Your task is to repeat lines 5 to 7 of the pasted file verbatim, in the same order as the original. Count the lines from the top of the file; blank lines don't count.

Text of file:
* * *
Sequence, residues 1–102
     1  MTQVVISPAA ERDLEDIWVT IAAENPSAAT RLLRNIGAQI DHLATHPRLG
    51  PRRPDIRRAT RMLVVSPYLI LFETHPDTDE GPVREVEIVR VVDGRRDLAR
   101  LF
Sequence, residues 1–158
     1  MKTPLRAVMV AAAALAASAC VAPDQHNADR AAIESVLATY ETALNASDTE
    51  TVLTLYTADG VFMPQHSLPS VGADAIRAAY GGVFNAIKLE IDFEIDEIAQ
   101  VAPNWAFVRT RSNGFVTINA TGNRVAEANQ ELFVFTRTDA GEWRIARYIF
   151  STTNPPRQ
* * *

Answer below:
Sequence, residues 1–158
     1  MKTPLRAVMV AAAALAASAC VAPDQHNADR AAIESVLATY ETALNASDTE
    51  TVLTLYTADG VFMPQHSLPS VGADAIRAAY GGVFNAIKLE IDFEIDEIAQ